Renee was a young associate for a marketing research company; it was her first job. She was smart but soft-spoken. Renee's manager frequently interrupted and dominated meetings, and wouldn't allow Renee to lead a meeting in her absence...
In honor of Women's History Month, I thought I'd explore this issue of women speaking powerfully. It's been established that men and women communicate differently. The question is, do women need to speak more powerfully than men to be heard? Whether it's a speech, pitching an idea, or a one-on-one meeting, it appears that women need to work harder to have their ideas heard. According to New York Women in Communications, women make up 3% of CEOs and occupy around 16% of board seats at the nation's Fortune 500 companies, and 15.2% of the directors at the largest companies are women.
A female professor at NYU received a request for a testimonial from a former student. The letter was over the top. So much so, she had to tone it down so it would sound realistic. It was no surprise to her that this communication came from a male. She realized that males tend to exaggerate their abilities, while women downplay their accomplishments and speak with less conviction.
I can corroborate this from my own experience coaching women leaders. Women have a more difficult time taking a strong position, speaking with authority, and promoting their own ideas. While coaching one executive woman, it was apparent that her area was the most profitable in the business, but her influence was a well-kept secret. We immediately got to work increasing her visibility: getting her name in trade publications, networking internally and externally, and booking speaking engagements.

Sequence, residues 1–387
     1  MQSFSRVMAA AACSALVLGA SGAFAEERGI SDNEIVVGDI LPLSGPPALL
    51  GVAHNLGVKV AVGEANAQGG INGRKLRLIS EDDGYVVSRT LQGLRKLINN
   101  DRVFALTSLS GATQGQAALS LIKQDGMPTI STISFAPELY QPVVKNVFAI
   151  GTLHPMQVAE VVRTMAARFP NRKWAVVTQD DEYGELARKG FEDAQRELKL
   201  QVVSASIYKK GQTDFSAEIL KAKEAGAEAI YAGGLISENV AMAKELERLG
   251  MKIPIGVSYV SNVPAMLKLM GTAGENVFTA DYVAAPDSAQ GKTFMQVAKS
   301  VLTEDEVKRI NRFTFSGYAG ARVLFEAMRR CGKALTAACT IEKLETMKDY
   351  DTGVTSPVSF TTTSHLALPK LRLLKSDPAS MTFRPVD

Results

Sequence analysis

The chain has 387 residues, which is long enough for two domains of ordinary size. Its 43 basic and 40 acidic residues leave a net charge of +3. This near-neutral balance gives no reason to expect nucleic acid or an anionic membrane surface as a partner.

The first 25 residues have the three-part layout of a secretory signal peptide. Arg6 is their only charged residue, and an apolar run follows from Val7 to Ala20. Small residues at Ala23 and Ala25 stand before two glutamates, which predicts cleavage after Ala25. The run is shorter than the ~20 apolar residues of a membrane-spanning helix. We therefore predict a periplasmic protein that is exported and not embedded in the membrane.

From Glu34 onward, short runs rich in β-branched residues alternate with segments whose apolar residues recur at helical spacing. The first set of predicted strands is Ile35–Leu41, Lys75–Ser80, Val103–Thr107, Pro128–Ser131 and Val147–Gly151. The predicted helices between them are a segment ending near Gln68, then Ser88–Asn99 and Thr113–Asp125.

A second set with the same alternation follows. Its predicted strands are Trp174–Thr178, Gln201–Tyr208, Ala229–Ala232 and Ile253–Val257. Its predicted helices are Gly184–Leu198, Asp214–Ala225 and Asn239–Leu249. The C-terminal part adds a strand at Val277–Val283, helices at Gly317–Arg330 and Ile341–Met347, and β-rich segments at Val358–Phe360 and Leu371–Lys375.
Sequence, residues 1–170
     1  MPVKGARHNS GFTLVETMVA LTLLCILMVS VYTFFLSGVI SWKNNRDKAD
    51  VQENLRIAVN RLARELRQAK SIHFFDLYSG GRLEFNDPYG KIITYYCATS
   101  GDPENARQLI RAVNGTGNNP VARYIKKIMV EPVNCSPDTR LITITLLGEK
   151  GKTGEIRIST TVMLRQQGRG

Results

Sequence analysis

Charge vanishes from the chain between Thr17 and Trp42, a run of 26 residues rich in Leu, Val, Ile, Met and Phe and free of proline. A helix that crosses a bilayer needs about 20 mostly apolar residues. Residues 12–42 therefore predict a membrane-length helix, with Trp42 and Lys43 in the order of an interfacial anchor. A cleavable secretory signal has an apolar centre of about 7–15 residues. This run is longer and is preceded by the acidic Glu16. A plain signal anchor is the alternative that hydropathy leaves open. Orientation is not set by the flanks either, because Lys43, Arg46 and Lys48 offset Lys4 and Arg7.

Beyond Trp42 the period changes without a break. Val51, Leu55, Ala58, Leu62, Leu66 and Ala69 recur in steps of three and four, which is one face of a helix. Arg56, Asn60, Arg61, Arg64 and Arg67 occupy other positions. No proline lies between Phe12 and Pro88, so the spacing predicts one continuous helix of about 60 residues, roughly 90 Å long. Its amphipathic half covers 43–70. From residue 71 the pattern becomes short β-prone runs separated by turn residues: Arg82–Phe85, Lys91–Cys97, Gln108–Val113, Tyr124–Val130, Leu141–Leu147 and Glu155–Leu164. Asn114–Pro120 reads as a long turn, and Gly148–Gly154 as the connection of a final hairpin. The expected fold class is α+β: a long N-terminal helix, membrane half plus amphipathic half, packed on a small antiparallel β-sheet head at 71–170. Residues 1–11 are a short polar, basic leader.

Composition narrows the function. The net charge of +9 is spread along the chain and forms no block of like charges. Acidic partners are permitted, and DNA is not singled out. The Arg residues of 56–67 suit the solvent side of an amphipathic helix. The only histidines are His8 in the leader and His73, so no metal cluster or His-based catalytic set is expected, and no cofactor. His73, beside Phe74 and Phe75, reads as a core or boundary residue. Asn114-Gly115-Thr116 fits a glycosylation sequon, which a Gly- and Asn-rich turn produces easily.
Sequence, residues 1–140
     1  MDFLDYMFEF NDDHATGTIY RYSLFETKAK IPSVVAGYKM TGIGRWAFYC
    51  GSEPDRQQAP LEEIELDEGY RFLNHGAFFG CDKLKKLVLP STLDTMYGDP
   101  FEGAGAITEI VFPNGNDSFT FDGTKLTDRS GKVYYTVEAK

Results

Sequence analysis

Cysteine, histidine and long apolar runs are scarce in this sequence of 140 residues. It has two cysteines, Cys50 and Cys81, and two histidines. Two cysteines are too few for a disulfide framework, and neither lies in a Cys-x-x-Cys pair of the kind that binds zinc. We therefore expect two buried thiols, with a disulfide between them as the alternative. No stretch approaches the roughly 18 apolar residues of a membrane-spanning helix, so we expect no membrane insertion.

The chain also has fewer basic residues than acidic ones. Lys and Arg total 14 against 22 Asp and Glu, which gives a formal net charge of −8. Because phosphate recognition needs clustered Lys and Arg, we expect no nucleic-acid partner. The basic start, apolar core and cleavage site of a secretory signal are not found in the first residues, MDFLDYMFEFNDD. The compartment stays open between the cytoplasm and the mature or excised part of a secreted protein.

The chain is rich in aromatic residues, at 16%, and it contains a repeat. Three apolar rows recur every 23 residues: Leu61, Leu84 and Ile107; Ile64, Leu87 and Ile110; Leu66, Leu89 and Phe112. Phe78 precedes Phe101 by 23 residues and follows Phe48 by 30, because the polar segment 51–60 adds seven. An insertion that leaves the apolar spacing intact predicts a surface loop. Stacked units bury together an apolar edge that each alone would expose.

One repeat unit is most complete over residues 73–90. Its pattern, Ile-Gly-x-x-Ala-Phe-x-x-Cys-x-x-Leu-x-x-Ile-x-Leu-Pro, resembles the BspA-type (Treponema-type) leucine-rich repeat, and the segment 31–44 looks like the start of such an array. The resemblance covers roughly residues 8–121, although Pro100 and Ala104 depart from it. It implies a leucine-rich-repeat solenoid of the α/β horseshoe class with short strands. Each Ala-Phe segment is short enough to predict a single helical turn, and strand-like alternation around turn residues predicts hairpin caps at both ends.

Public speaking levels the playing field for women.
Here are some ways women can speak more powerfully:
- Lower their pitch.
- Put a stake in the ground.
- Use specific, definitive language.
- Negotiate with confidence.
- Work with a coach.
So I ask you, in your experience, do women need to speak more powerfully than men? Can they best learn to speak powerfully from a male or a female role model?
If employees want to advance in their careers they will need to speak the business language of success. Is Uptalk here to stay? Will it become acceptable in the workplace? Who knows? But for now, if you want to move up, talk down.
In June, I blogged about Michele Bachmann and the double standard for women politicians. It seems that the media continues to display sexism toward women candidates. Whether it's Hillary Clinton, Sarah Palin, or Michele Bachmann there seems to be an element of sexism even as we approach 2012. First we had to hear the commentary each time Hillary had a new hairstyle. While this may be appropriate for a First Lady, when a woman is running for political office she ought to be taken more seriously. How often do we critique a male candidate's hair? (Donald Trump doesn't count).